The biomass industry is expanding pollution in the South under the greenwashed banner of clean, green, and renewable energy. In this time of an international pandemic and climate change, it is immoral, unjust, and irresponsible to let this industry keep expanding.
In the South, the national pandemics of COVID-19, climate change, and institutional racism relentlessly affect the daily lives of local residents who are fighting to stop wood pellet facilities.
For example, similar to other wood pellet production facilities in North and South Carolina, the Enviva Greenwood SC plant is located in an environmental justice-designated community. Within a 2 mile radius around this Enviva plant, approximately 2,200 residents are already ranked above the 75th percentile for exposure to particulate matter (PM2.5), ozone, diesel, air toxins, cancer risk, respiratory hazards, Superfunds, and hazardous waste. Increasing production at the plant would further heighten the risk of exposure to many of these common pollutants, especially the PM2.5 and respiratory hazards risks.
The COVID-19 crisis is affecting predominantly BIPOC (Black, Indigenous, and People of Color) communities across the South.
Yet the wood pellet industry wants to expand their biomass production in South Carolina, Georgia, North Carolina, Virginia, Alabama, and Mississippi in these targeted BIPOC communities.
The sourcing radius of wood pellet plants is typically 75 miles, which means it often crosses state lines. This harms communities not just in the state where the plant is located but in neighboring states as well.
Enviva Greenwood SC’s sourcing radius extends into Georgia, and Enviva Hamlet NC extends into South Carolina. Enviva North Hampton NC and Enviva Ashokie NC extend into Virginia. Enviva Southampton VA extends into North Carolina, and The Renewable Biomass Group’s proposed facility in Adel, GA would extend into Florida.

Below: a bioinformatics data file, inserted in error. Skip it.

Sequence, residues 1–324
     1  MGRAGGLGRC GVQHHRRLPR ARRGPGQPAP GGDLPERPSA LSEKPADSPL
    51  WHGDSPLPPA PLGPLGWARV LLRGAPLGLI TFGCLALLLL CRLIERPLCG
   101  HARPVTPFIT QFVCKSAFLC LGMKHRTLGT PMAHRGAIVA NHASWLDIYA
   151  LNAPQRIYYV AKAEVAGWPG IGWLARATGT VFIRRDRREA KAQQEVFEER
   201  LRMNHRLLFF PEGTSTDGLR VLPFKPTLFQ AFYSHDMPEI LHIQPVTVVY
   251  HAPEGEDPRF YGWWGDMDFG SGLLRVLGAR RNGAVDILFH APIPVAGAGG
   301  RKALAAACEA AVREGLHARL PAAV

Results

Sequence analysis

All across this country and around the world, essential services and products have been limited in order to ensure the safety of people.
There is currently no market for Enviva’s products in the United States.
Its biomass wood pellets are burned along with coal to produce electricity in Europe and Asia.
If schools, businesses, governments, and the lives of everyday citizens can be reduced, restricted, or shut down because of COVID-19, then the wood pellet industry, including Enviva, should do the same.
Wood pellets are nonessential both to our economy and to the citizens of South Carolina, Georgia, North Carolina, Virginia, Alabama, and Mississippi.
Wood pellet production reduces the biodiversity of harvested areas. Making wood pellets uses a lot of land. This means that fake forests, plantations made up of one type of pine tree planted all in a row, will continue to increase.
Change in land use due to logging is a major cause of wildlife loss. Deforestation also makes us more susceptible to pandemics.
Even the IPCC, the world’s climate change authority, says that we will lose wildlife by using more wood pellets and other biofuels. Since burning wood pellets releases greenhouse gases into the atmosphere, they actually make climate change worse despite industry claims that biomass wood pellets are a climate solution. This, in turn, increases the frequency and severity of hurricanes and natural disasters.
More than ever we need to be united and work together to stop the wood pellet industry from continuing their environmental injustices and their devastation of our communities and forests.
Together we must be a united front of communities, environmental organizations, science, and policy that speaks with one voice. We are all fighting for the same goal: to unveil the truth about this dirty industry. Logging forests, shipping them overseas, and burning them for fuel to meet other countries’ needs while we get all the negative side effects is a ludicrous model.
It is unacceptable that the US South faces more flooding, expensive recovery efforts after hurricanes, community pollution, and intensifying environmental racism all for the benefit of greedy corporations.
If the wood pellet industry continues to expand, it will have disastrous impacts on the health of local residents, the ability of natural ecosystems to support greater resiliency to storms and hurricanes, and contribute to global carbon emissions at a time when community health and safety rely on reducing those emissions.